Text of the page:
Testosterone is an often overlooked hormone in the grand scheme of menopause but the truth is, it helps with hotflashes, nightsweats, bone loss, energy, self-esteem, sexual desire, and orgasm response. For many women, this important hormone decreases with age however for some, it actually increases leading to increased facial hair, acne, and an increased risk for heart disease.
As testosterone levels increase, your insulin sensitivity decreases increasing your risk for blood sugar problems like diabetes. A recent study in the Journal of Clinical Endocrinology and Metabolism found that menopausal women with the highest levels are three times more likely to develop coronary heart disease and have greater risk for metabolic syndrome.
So what can you do?
First, get your levels of free and total testosterone checked. Next get your levels of fasting glucose and fasting insulin tested. This can give you important insight into your risk level.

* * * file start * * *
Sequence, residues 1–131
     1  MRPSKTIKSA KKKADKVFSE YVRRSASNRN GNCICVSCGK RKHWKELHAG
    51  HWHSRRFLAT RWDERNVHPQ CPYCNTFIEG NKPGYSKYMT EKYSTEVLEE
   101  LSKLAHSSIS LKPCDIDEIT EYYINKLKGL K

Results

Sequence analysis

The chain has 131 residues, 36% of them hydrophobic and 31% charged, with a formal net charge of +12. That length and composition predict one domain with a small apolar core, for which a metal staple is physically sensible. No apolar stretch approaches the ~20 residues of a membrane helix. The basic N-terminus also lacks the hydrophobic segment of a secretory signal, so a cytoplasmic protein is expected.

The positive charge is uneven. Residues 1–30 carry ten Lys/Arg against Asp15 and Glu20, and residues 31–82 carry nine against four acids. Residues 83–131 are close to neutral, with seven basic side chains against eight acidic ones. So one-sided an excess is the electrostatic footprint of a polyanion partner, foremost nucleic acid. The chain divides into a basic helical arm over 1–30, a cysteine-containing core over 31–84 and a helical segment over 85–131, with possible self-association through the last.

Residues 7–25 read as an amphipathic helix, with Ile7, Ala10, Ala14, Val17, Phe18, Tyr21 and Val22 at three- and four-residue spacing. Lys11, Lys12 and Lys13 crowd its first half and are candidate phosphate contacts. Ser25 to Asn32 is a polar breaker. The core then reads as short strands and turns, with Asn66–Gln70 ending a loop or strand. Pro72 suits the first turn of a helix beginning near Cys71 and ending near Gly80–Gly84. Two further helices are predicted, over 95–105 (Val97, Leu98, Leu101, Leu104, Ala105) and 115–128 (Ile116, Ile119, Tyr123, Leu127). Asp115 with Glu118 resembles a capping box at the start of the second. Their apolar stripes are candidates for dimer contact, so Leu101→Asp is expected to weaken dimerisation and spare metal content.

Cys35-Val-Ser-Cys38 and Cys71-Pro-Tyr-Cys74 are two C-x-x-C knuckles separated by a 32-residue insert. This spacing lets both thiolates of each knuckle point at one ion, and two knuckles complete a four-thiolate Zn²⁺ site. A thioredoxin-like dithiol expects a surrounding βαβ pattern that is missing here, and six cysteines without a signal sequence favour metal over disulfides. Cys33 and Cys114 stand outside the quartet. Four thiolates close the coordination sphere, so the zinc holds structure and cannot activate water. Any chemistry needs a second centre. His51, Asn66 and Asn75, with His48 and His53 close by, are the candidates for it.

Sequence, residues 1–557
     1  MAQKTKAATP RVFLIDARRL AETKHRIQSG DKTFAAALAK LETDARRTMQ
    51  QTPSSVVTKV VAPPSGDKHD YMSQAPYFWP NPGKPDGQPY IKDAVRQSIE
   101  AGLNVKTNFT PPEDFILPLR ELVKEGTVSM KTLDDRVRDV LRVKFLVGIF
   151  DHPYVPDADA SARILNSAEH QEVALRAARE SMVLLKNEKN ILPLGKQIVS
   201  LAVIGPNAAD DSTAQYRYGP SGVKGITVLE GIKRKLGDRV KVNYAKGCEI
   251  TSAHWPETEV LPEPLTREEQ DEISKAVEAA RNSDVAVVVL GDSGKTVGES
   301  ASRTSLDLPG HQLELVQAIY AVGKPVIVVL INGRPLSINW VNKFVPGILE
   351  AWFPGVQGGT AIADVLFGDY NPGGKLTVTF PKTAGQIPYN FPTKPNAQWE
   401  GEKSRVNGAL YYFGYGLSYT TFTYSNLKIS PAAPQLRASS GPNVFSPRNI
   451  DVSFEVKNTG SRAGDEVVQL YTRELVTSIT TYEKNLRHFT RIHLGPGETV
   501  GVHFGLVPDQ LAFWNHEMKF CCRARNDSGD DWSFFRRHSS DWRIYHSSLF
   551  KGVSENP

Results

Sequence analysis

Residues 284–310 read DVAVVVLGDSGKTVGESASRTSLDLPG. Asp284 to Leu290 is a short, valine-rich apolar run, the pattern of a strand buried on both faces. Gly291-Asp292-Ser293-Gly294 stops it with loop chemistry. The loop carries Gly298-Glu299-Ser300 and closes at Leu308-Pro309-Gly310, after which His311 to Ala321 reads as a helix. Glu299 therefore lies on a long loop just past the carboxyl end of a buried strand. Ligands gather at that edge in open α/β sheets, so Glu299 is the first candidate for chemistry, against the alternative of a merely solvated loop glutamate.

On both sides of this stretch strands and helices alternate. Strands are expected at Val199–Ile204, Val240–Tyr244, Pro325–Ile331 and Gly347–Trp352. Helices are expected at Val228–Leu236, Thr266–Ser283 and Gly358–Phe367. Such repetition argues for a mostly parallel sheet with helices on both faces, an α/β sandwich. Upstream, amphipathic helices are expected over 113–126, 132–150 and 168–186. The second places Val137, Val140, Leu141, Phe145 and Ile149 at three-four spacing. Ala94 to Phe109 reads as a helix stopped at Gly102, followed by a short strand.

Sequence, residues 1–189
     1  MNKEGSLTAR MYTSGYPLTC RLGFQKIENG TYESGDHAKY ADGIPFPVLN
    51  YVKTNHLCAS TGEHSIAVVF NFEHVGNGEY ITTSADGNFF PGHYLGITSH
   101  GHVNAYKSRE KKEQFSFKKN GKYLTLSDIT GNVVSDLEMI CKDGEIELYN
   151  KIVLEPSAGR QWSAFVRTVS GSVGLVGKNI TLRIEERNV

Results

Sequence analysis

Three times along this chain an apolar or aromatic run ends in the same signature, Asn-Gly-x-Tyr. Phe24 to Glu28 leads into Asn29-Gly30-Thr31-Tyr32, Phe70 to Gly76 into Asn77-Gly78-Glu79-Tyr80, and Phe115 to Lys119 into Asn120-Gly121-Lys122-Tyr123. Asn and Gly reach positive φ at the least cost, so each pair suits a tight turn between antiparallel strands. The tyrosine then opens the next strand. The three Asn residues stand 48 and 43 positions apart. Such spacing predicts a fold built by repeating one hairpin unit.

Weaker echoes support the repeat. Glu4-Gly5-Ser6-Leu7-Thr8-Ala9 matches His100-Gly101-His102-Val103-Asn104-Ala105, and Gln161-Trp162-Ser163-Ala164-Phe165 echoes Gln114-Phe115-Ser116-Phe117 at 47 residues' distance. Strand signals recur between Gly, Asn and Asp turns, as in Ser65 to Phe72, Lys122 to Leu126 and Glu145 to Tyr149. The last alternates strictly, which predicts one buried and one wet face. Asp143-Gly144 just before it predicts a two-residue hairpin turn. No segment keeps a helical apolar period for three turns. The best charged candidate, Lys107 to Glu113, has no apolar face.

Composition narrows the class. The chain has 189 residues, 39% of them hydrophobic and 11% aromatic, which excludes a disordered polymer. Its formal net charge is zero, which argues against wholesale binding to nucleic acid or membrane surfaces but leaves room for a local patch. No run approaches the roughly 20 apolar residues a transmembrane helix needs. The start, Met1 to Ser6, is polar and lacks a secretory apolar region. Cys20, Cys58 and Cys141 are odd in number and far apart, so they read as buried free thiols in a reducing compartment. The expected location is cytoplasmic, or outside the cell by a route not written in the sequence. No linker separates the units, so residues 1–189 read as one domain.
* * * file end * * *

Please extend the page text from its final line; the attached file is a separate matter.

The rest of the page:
If your glucose and/or insulin is elevated, examine your diet by cutting out sugar, simple carbs, coffee drinks, soda, and other high sugar/high carb sweets. Consider blood sugar balancers such as cinnamon (the spice) or chromium (the supplement).
If your testosterone is high, exercise vigorously most days of the week, eat a high fiber diet (30-50mg per day) to bind it up, or try the supplements saw palmetto and green tea extract.
For those of you interested in raising your testosterone, you can do it with natural hormone replacement (in small doses and under the supervision of your healthcare provider), a diet high in hormone-free protein, and enough zinc.
Eat a clean diet of organic fruits and vegetables and hormone-free meats. Stay hydrated with plenty water and find balance in your life…especially when your hormones are all out of balance.
Kalyani R, etal. The Association of Endogenous Sex Hormones, Adiposity, and Insulin Resistance with Incident Diabetes in Postmenopausal Women. The Journal of Clinical Endocrinology & Metabolism Vol. 94, No. 11 4127-4135.